Renée Fleming - Kudos

Delightful NSO ‘Rosenkavalier’ features Fleming, Montsalvo and newcomer Houtzeel

The Washington Post

March 9, 2014 | By Anne Midgette

This month, the National Symphony Orchestra is celebrating the 150th anniversary of Richard Strauss’s birth with two programs almost entirely devoted not to symphonic music, but opera. The first was a one-off performance of the composer’s most beloved opera, “Der Rosenkavalier,” starring Renée Fleming, at the Kennedy Center Concert Hall on Saturday night.

We love to love “Der Rosenkavalier.” It’s an opera about nostalgia: a 20th-century meditation on loving and growing old and letting go, packaged in a glittering 18th-century wrapping shining with satin and powdered wigs and the glint of chandeliers. And it’s redolent of many of the things we love about opera: its outsized beauty and glamour and a whiff of anachronism and swaths of luxuriously beautiful music. It appeals to our best selves — our eager youth, our generous middle age — and balances on the line between profundity and the near-maudlin that Strauss walked so masterfully in so many of his works.

On Saturday, it brought out the best selves of many of the performers, starting with Fleming, who as the Marschallin (a married woman in her 30s having an affair with a 17-year-old boy) sang with honesty, clarity, a beautiful silvery tone and an innate dignity. She put the focus on the words and the character rather than on how she was bringing them across.

Add to this two dynamite last-minute substitutions and you had a pretty delightful night at the opera. Stephanie Houtzeel, in a stunning, warm, empathetic, coltish, vivid and, one hopes, career-boosting performance, plays the title character, Octavian. Mario Chang, is assured (if a little tight in the tiptop notes) in the fiendishly difficult, blink-and-you’ll-miss-it part of the Italian Tenor, who serenades the Marschallin in her morning room.

There are drawbacks to the concert format, particularly in an opera with an orchestra this big. At first, it was hard to hear everybody over the dozens of instruments on stage, usually safely distanced in the orchestra pit. The proceedings got off to a slightly shaky start with an overture that sounded like a lot of people playing at the same time but not necessarily together.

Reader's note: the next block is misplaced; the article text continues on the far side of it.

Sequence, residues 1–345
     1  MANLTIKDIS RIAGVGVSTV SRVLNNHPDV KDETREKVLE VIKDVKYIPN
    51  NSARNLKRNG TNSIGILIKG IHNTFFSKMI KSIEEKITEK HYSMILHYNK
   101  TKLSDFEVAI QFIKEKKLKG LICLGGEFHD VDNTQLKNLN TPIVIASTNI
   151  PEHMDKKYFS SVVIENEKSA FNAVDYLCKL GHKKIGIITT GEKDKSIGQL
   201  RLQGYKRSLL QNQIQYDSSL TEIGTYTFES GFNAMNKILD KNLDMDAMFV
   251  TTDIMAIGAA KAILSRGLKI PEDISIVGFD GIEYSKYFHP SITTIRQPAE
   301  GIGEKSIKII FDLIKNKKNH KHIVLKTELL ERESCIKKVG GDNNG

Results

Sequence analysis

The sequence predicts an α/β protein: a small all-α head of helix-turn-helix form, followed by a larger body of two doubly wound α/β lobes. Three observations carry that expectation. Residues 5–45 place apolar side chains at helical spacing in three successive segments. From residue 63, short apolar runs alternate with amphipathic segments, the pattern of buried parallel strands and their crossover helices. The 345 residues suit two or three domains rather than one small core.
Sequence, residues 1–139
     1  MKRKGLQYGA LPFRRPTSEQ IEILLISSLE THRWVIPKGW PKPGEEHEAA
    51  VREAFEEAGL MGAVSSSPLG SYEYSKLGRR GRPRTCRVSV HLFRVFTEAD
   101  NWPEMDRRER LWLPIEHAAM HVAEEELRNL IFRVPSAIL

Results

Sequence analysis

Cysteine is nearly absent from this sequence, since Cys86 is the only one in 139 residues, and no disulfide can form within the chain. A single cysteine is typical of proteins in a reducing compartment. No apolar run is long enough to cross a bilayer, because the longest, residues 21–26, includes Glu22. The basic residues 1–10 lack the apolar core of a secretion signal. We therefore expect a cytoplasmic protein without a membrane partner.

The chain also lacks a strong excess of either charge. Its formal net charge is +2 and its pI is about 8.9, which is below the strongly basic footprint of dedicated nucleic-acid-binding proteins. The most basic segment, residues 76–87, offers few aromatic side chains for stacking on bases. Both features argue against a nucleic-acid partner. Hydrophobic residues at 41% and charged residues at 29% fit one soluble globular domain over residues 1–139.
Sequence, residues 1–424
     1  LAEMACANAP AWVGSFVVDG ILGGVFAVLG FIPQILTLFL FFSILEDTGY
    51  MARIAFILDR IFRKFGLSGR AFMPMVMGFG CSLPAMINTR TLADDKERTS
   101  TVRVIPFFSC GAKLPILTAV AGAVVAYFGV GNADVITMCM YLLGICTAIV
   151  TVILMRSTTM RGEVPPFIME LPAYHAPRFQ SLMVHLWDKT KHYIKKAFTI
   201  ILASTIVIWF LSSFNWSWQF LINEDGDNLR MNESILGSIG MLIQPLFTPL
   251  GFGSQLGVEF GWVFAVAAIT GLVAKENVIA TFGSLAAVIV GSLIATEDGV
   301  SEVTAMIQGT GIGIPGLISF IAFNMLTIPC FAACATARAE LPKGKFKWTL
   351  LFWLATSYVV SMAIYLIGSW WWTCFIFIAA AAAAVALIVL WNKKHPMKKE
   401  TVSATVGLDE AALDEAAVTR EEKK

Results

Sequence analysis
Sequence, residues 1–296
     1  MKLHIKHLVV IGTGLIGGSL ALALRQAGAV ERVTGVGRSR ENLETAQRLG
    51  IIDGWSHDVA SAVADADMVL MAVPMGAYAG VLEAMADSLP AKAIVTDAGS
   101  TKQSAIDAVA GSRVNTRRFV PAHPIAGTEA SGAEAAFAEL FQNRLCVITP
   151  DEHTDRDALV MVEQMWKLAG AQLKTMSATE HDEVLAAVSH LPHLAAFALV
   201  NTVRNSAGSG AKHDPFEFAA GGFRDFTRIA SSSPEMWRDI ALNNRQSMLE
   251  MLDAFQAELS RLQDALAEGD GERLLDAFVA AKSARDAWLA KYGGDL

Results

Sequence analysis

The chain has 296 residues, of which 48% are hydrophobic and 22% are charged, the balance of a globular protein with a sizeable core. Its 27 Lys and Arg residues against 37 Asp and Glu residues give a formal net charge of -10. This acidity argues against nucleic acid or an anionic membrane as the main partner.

But the ear adjusted, and the players made it work, as Christoph Eschenbach interacted with the singers and did his best to respond to them. Stephen Pickover created a semi-staging in which “semi” seemed to mean that some of the characters were in costume and some weren’t but that offered enough visible activity to create the impression of an actual production. And having the text center stage, in supertitles over the orchestra’s head, gave everyone the time and space to focus on the librettist Hugo von Hofmannsthal’s words, in the mouth of the Marschallin, about how it feels to realize that you are getting older.

The sense of opulence was certainly reflected in the casting, which drew on an international pool of talent. Fleming is one of today’s leading Strauss singers. Franz Hawlata, the blustering bass well cast as the Marschallin’s blustering cousin Baron Ochs, has been singing around the world for years. Even the smaller parts were cast with strong voices: Irmgard Vilsmaier as the duenna Marianne, Catherine Martin as Annina, Adrian Eröd as Faninal, and Soloman Howard in two small roles as the notary and the policeman. It will be sad for Washington when Howard moves on from the Domingo-Cafritz program at the Washington National Opera and is no longer available to bring such a strong profile and voice to minor roles. I never paid particular attention to the policeman before, but I did on Saturday night.

But, of course, the opera rises and falls with its three female leads: the Marschallin, Octavian and the young Sophie, whom Ochs plans to marry but who falls in love with Octavian instead. And all three women, on Saturday, were admirable, including the Sophie of Marisol Montalvo, who acted convincingly as a slightly petulant, slightly spoiled 15-year-old and sang with such crystalline, delicate high notes in the key scene when Octavian presents her with a silver rose as a token of her engagement to Ochs that I was prepared to forgive her anything.

The figurative rose of the night went to Houtzeel, who last sang in the Concert Hall in Opera Lafayette’s “Armide” in 2010 and who has since sung Octavian and other roles at the Vienna State Opera. She was completely convincing in the part, carrying off the wooing of two other women in concert dress without the slightest vestige of awkwardness and more than holding her own with Fleming with her easy-sounding vocal warmth. But Fleming deserved a rose of her own for her lovely, moving performance. And like all good “Rosenkavaliers,” this was one that audiences here could start to wax nostalgic about almost as soon as it was over.

Ruminating on Love and Desire

Ruminating on Love and Desire

Renée Fleming’s Perspectives Residency at Carnegie Hall

New York Times

April 28, 2013 | By Anthony Tommasini